Tip of the Day Blog
    The Web
« » GotVoice | Main | Videora iPod Converter »

Losing All Formatting in a Document

From WordTips

Summary: Does Word keep changing all the text in your document to match the last change you made? Here's why, and how to fix it. (This tip works with Microsoft Word 97, Word 2000, Word 2002, and Word 2003.)

Emily Baumbach wrote with a concern about how she keeps losing her document formatting in Word 2000. Every time she highlights a section of text and then changes the font or margin alignment, Word changes the whole document into that new font or margin.

Before explaining how to fix this, it is necessary to do a bit of a review about how formatting is handled in Word. In general, there are two types of formatting in Word: implicit and explicit. Implicit formatting, which is formatting done by "default," is implemented through the use of styles. Explicit formatting is done through the use of formatting commands, such as those found on the toolbars, in the menus, and in various dialog boxes.

All default formatting in Word begins with styles. You can't get away from them; they are always there, even if you try to ignore them. If you change what is within the definition of a style, then you've changed the formatting applied across all paragraphs or characters that use that style. If you create new styles, you are creating new "default" formatting that can be applied to various elements of your document. If you try to ignore styles, then most, if not all, of your paragraphs use the Normal style.

Any explicit formatting you do is always done as an overlay to the underlying style-based formatting. For instance, if you select a few words in a paragraph and then click the Bold tool, the selected text is formatted as bold, but you haven't removed the style that controlled how the text was originally formatted. You can't remove it; you can only override it.

Starting with Word 97, Microsoft made what many people consider to be an ill-advised change in how Word handles the relationship between implicit and explicit formatting. What they did was make it possible for explicit formatting to not just override the implicit formatting, but to become the implicit format. They did this by allowing Word to "absorb" explicit formatting changes into the underlying style. Once this was done, any other document elements that used that style would automatically change to reflect the newly applied format.

The reason that many people consider Microsoft's change ill-advised is that it muddies the water for those people just learning how Word handles formatting. All of a sudden, local formats can be propagated globally, and that results in what appears to be strange behavior on the part of Word. (It seems that regardless of how ill-advised some of us may think the change was, it is here to stay--the change has persisted in the last four versions of Word.)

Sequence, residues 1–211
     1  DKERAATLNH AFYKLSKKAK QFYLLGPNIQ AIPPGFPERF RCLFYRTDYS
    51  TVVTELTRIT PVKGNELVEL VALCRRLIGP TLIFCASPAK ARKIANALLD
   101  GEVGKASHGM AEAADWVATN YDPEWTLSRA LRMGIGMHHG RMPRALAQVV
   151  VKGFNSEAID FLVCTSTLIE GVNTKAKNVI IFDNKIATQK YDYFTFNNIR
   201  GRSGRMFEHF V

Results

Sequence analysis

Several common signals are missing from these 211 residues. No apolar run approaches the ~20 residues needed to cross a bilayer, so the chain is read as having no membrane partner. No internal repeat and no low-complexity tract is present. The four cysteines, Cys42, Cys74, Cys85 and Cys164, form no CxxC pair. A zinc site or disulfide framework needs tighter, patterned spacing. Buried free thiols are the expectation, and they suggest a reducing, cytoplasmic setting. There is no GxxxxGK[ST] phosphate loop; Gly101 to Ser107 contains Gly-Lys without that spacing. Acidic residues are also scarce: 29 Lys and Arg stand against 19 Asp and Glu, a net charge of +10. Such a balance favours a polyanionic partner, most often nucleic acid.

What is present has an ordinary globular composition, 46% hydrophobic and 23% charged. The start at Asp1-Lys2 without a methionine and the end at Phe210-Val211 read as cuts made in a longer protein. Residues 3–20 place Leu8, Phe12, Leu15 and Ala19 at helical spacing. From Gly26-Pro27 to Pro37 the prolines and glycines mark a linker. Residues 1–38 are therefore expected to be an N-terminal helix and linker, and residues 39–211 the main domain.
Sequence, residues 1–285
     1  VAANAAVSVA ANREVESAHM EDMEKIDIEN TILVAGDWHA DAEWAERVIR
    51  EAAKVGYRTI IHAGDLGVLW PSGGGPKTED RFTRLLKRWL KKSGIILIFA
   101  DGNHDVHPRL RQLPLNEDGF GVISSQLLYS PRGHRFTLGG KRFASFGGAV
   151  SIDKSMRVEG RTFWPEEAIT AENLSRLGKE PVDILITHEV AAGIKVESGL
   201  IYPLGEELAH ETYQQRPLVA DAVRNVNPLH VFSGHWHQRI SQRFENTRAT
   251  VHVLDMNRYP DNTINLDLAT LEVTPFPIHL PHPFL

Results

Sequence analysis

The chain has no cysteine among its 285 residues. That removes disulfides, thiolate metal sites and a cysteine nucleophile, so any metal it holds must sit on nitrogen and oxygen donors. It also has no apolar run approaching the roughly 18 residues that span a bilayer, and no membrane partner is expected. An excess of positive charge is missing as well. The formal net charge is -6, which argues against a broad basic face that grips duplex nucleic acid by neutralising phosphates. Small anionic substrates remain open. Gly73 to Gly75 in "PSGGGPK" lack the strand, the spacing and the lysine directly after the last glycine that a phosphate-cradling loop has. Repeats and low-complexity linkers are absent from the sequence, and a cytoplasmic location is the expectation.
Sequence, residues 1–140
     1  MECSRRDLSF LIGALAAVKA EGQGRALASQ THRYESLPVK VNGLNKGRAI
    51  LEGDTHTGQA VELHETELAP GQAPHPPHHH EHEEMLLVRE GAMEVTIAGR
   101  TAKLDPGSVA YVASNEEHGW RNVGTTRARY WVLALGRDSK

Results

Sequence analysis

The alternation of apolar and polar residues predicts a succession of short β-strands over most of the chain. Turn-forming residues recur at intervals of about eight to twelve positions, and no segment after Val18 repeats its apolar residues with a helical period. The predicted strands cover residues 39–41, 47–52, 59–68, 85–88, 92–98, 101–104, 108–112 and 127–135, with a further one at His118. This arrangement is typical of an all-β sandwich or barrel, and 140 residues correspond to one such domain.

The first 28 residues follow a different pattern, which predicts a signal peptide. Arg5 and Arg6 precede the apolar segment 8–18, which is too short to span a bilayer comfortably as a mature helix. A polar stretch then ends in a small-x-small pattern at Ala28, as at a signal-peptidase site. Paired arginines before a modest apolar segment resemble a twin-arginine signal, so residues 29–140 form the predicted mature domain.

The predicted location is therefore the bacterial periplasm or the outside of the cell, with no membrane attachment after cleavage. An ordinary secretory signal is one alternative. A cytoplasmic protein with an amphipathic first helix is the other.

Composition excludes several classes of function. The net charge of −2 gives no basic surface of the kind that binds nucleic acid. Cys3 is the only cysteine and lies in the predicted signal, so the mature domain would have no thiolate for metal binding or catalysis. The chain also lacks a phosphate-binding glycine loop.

How to solve the problem? Turn off the setting in Word that causes explicit formatting to be absorbed into the underlying styles. You do that by following these steps:

  1. Choose Style from the Format menu. Word displays the Style dialog box.
  2. Select the style you want to change, and then click Modify. Word displays the Modify Style dialog box.
  3. Clear the Automatically Update check box.
  4. If the style is stored in a template (it is not defined only for the current document), then I find it a good idea to choose the Add to Template check box.
  5. Click on OK.

If you are using Word 2002 or Word 2003, then the steps are slightly different:

  1. Choose Styles and Formatting from the Format menu. Word displays the Styles and Formatting task pane.
  2. Hover the mouse pointer over the style you want to change. A drop-down arrow should appear at the right of the style name.
  3. Click the drop-down arrow and choose Modify. Word displays the Modify Style dialog box. (Click here to see a related figure.)
  4. Clear the Automatically Update check box.
  5. If the style is stored in a template (it is not defined only for the current document), then I find it a good idea to choose the Add to Template check box.
  6. Click on OK.

That's it; that's how you stop Word from applying the explicit changes to the underlying style. Of course, if you've inadvertently changed styles earlier (because the Automatically Update check box was selected), then you'll need to go back and change the style definition so that text appears as you want it to. You'll also need to go through and perform these same steps on any other styles in the template or document.

Source: Losing All Formatting in a Document

EmailEmail Article to Friend